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Ecuador’s Banana Exports Disrupted by Nationwide Protests, Strikes
Earlier in October, widespread protests against the government in Ecuador brought the country’s transportation network to a standstill, causing massive disruptions to the country’s exports. The cause of the protests stemmed from austerity measures imposed by the country’s president Lenín Moreno on October 3, undertaken in order to qualify for a $4.2 billion loan from the International Monetary Fund (IMF).
Among these measures included ending the country’s $1.3 billion fuel subsidies, which caused the price of diesel to double and price of fuel to increase by 30% overnight and led to massive strikes and protests, paralyzing the country’s transit infrastructure for ten days as transportation unions took active part in protesting.
The government was also forced to temporarily relocate from the capital, Quito, to Guayaquil, the country’s largest city and main port. Strikes and large-scale roadblocks caused widespread export difficulties, especially in industries such as bananas, white shrimp, and fish, with many companies deciding to suspend or postpone exports.
According to preliminary figures from the Chamber of Industries of Guayaquil, losses from the ten days of protests have amounted to $2.3 billion, with agricultural losses totaling upwards of $12 million in domestic sales and $5 million in exports per day of the strike. Roughly 3,000 containers of bananas were unable to be transported from plantation to the main export terminal in Guayaquil, resulting in losses of $9,700 per container and total net losses of $30 million.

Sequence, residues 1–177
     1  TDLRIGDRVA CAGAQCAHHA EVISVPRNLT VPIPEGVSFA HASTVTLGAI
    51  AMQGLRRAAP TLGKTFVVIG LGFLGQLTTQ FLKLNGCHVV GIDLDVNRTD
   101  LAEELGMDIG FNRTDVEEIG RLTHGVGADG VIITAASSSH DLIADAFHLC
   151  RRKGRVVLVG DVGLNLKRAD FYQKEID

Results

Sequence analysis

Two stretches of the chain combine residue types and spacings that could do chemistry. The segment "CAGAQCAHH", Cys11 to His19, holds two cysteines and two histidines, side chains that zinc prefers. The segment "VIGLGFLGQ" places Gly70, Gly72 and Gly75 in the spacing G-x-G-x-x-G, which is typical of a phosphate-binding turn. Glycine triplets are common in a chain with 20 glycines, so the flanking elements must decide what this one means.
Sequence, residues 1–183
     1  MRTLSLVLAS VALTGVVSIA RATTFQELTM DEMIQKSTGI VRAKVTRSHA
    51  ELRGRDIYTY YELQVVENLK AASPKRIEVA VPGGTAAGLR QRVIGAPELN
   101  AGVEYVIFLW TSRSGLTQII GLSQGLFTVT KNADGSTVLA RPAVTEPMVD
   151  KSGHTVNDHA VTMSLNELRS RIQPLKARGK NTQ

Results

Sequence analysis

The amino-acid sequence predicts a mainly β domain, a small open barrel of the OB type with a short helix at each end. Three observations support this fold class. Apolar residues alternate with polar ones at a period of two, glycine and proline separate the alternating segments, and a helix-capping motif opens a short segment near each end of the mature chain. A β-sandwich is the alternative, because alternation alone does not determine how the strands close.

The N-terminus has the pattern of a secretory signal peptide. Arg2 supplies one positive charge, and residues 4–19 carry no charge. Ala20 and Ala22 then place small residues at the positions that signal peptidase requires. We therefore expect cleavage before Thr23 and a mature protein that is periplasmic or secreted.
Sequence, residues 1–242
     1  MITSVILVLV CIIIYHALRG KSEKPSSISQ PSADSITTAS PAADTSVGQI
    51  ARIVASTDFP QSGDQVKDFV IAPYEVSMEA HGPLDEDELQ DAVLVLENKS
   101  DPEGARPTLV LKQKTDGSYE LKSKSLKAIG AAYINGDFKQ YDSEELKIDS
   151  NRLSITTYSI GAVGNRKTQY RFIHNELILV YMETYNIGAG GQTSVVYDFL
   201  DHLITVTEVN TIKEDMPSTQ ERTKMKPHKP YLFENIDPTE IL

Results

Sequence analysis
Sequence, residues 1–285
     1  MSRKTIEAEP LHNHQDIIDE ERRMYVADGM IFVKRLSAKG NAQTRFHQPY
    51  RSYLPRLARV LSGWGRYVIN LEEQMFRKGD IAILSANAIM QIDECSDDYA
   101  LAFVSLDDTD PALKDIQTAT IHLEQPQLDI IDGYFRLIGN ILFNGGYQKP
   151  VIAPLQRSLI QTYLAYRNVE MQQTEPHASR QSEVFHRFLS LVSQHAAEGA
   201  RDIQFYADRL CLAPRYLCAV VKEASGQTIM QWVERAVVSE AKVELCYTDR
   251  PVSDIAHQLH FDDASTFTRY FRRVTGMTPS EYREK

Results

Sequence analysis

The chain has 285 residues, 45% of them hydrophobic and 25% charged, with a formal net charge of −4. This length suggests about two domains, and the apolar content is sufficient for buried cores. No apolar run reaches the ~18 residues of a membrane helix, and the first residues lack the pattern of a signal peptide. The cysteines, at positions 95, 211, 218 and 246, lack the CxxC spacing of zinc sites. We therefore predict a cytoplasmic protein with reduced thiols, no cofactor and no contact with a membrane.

As the world’s largest exporter of bananas, Ecuador has a strong reliance on the crop and exported 6.5 million tons of bananas valued at $3.1 billion in 2018. Fully 15% of Ecuador’s exports are bananas and the country accounts for 35% of the global banana trade. Next to the Philippines, China imports more bananas from Ecuador than anywhere else in the world: 15.5% of bananas imported into China come from Ecuador and China imported 240,000 tons or $149.8 million worth of the crop from Ecuador in 2018.
On October 13, President Moreno agreed to re-implement the fuel subsidies, ending the country-wide protests and disruptions. However, there have been calls for the protests to continue if Moreno follows through on some of his promised labor reforms, which once again may spell trouble for Ecuador’s already-troubled banana exporters.
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